Lambton at War

The Second World War

The Second World War – 1939 to 1945

The brief peace after the First World War was quickly erased by the rise of Nazi Germany. Conflict in Europe pulled most of the globe back into another world war fought between 1939 and 1945. Approximately 10% of Canada’s small population of 11 million served in the military.

Canadian soldiers were trained in Lambton at Camp Ipperwash on Lake Huron. Land appropriated from the Stoney Point First Nation was used by the Department of Defence to establish a military training centre in 1942. Basic training of troops from across Southwestern Ontario occurred in the complex designed to house 2,000 personnel. Although the appropriation agreement was to return the land to the First Nations after it was no longer needed for military purposes, the camp would not close until 1995.

In addition to raising funds and supplies for the war through organzations such as the Inwood Red Cross, Lambton’s women also entered the work force to fill jobs vacated by men on duty overseas. Sarnia’s Chemical Valley came to prominence when the Polymer Corporation built a factory on the banks of the St. Clair in 1942 to produce synthetic rubber for the war effort. The 5000 tonnes of rubber produced every month supplied tires and airplane parts for the Allies.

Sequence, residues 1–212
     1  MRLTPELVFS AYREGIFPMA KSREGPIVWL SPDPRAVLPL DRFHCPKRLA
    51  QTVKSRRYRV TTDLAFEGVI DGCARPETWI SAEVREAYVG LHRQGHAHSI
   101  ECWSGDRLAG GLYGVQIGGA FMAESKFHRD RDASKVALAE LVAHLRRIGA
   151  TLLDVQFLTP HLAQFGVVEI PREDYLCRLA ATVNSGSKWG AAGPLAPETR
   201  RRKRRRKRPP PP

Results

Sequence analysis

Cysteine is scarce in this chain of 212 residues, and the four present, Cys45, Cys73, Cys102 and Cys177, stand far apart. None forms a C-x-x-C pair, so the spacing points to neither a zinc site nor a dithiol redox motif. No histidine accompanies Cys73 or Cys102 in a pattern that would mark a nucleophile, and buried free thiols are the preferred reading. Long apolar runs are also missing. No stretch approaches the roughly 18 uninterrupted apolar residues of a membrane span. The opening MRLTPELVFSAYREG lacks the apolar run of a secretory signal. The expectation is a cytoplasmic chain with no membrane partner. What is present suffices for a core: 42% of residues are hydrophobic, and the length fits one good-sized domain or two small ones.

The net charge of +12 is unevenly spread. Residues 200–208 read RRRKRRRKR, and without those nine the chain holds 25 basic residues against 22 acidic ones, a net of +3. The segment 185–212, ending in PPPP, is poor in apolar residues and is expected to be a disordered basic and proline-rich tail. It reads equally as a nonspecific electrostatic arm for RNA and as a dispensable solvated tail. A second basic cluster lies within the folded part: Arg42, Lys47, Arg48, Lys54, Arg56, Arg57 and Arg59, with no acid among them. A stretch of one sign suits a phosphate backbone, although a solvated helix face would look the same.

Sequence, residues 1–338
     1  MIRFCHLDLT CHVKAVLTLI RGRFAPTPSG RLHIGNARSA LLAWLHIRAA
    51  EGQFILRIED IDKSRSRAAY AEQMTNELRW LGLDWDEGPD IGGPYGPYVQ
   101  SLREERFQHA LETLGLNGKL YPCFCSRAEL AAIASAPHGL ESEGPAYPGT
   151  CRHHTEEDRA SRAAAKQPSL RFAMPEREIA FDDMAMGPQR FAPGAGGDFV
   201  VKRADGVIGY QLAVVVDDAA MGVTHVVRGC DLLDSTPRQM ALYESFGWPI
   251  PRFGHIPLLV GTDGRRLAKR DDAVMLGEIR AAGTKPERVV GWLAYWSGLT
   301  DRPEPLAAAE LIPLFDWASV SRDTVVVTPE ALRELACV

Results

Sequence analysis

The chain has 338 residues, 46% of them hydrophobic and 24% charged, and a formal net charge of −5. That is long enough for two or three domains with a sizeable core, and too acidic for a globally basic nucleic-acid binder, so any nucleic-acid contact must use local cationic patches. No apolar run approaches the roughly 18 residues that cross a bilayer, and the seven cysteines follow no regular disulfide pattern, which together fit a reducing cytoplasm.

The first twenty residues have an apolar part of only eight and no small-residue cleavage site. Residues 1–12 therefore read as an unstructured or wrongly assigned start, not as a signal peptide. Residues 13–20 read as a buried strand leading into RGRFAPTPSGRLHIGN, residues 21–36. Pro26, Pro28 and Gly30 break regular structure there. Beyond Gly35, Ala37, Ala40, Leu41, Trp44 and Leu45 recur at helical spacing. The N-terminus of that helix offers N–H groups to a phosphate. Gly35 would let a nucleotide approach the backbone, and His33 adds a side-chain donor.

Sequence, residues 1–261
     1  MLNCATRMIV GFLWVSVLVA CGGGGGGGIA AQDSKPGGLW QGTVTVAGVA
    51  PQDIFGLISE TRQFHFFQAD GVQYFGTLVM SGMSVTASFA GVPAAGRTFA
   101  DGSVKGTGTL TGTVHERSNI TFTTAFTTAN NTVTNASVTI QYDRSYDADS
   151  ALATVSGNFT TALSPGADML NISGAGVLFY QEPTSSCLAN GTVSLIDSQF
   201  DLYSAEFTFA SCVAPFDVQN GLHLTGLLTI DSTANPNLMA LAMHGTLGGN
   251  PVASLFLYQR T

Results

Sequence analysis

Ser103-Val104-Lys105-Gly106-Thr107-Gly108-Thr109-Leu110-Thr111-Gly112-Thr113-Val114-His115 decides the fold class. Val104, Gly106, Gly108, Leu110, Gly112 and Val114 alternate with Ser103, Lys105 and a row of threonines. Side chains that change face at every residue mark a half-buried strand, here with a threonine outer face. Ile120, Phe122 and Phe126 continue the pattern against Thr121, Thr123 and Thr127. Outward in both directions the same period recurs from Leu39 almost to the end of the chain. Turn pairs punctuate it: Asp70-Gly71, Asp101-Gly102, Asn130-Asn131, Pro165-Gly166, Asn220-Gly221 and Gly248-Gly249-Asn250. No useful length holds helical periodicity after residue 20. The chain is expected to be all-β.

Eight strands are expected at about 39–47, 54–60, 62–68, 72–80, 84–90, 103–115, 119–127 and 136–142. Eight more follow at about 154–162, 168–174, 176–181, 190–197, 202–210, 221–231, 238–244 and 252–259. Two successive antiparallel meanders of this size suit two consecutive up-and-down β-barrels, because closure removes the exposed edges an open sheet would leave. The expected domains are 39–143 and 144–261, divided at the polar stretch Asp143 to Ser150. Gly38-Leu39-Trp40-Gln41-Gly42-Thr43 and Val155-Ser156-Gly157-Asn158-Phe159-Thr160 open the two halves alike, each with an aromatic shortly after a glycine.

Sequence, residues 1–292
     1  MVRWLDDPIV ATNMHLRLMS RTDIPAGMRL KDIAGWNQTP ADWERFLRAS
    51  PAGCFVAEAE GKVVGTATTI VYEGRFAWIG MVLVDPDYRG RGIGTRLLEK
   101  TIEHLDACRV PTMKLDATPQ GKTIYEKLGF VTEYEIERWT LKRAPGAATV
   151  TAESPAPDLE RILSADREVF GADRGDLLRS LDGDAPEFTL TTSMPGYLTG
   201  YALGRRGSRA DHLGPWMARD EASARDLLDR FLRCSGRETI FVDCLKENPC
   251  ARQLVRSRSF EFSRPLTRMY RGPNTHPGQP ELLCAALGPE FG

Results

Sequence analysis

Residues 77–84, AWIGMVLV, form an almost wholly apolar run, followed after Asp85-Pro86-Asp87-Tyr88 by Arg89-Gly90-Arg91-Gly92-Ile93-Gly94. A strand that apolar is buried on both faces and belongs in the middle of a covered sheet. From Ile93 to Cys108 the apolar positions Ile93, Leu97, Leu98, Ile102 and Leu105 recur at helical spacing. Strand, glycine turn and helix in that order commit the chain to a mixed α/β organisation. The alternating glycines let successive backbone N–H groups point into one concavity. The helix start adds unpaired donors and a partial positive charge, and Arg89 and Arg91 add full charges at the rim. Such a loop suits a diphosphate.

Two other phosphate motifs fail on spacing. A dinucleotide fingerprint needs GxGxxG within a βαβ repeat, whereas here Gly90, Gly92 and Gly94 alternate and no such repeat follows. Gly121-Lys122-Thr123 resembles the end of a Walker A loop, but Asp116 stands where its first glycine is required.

The Second World War strengthened Canada’s economy and the necessities of war production pulled Canada out of the great depression. The role of Polymer in supplying rubber for the war effort was honoured on the Canadian $10 bill of 1971. Lambton’s military contributions, along with those of Canadians across the country, helped to establish Canada’s status as a middle power on the world stage.